Perhaps all that leaping and crashing around on skateboards is good for boys after all. A new study shows that high impact activities such as jumping and skipping — things that can easily be incorporated into warm-ups before sports and PE classes — can benefit bone health in adolescents. Although puberty is a time when many switch off vigorous activity, researcher Ben Weeks says 80 per cent of bone mass is acquired in the first 20 years of life and especially around puberty, due to the circulating hormones. This makes it a “window of opportunity” for maximising bone mass.

The study involved 99 youngsters with a mean age of 14 who did a special 10-minute warm-up routine twice a week for eight months. The session included various jumps, lunges and skipping, with gradually increasing complexity and repetitions, designed to apply a bone-stimulating mechanical load on the skeleton. Students worked up to about 300 jumps per session by the end of the study. Compared to other students who did a regular warm up, boys in the study improved whole body bone mass while girls bone mass improved at the hip and spine. The boys also lost significantly more fat than other boys.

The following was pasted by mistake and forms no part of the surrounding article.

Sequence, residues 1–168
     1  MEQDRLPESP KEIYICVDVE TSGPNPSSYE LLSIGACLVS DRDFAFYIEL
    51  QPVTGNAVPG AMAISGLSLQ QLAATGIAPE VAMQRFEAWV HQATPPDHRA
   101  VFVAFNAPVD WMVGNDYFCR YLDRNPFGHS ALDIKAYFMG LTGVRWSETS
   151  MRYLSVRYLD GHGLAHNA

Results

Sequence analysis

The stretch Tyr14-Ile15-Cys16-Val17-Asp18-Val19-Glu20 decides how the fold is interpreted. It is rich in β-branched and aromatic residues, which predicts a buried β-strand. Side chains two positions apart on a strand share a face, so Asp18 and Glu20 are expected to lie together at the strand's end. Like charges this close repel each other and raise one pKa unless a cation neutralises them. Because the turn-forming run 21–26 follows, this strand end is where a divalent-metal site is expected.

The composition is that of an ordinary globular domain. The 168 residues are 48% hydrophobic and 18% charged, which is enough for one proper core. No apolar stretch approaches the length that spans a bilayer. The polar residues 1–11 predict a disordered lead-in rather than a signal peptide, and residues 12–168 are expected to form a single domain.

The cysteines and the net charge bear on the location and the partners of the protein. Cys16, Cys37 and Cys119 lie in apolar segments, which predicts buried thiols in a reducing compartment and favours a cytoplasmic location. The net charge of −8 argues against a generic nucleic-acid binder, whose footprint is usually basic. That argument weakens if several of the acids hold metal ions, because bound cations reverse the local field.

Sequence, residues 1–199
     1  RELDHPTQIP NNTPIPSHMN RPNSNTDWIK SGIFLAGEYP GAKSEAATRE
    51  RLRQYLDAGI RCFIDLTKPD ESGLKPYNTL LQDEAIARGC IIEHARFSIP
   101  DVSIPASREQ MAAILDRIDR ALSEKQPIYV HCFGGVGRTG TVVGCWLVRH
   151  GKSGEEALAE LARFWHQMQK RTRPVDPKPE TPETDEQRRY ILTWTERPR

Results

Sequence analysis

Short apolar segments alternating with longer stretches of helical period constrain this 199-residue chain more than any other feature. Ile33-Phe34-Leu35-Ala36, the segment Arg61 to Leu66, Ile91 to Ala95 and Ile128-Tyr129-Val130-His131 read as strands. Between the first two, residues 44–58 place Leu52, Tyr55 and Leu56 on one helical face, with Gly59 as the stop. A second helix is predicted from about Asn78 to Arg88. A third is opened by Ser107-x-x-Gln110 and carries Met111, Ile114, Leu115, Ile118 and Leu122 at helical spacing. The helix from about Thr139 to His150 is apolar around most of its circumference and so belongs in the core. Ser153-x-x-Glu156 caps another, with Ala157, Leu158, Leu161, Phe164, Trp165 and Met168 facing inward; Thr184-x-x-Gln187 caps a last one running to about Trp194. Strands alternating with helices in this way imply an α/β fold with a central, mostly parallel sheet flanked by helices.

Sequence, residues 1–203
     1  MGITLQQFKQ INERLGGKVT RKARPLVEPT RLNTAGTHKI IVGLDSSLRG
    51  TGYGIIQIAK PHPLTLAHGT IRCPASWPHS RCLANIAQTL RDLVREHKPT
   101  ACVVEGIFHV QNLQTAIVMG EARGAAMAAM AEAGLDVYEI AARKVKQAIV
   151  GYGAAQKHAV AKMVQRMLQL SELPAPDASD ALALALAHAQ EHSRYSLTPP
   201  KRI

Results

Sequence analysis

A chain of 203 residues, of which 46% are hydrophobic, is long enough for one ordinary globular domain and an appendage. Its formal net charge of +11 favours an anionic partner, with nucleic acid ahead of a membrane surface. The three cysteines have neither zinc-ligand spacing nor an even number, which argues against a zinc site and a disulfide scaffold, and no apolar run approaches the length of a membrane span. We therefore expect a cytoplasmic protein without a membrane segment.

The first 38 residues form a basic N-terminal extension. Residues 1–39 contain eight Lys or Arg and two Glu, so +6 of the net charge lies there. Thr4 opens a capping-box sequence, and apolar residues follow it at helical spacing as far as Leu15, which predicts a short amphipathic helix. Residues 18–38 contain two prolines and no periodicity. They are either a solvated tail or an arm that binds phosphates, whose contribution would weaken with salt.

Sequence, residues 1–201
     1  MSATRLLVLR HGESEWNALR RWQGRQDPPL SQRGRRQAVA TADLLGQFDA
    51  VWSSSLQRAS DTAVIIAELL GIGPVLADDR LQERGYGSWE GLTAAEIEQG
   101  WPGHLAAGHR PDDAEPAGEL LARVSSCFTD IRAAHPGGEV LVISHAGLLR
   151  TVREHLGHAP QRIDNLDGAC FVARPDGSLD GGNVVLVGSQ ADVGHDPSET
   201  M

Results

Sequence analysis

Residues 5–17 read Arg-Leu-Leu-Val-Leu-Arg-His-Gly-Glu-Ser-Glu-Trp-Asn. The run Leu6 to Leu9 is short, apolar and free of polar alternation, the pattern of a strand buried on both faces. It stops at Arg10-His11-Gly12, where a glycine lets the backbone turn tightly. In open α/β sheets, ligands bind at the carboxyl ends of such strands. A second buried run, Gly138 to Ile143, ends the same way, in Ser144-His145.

Mr Weeks said the different effects for girls and boys reflect their different rates of physical maturing — most boys in the group were right on puberty while most girls were past it. The improved bone strength in girls at the hip and spine is promising, he points out, as those are typical sites for fractures in the elderly. ~ Science Daily, Sep 1


Carolyn Moynihan

Carolyn Moynihan is the former deputy editor of MercatorNet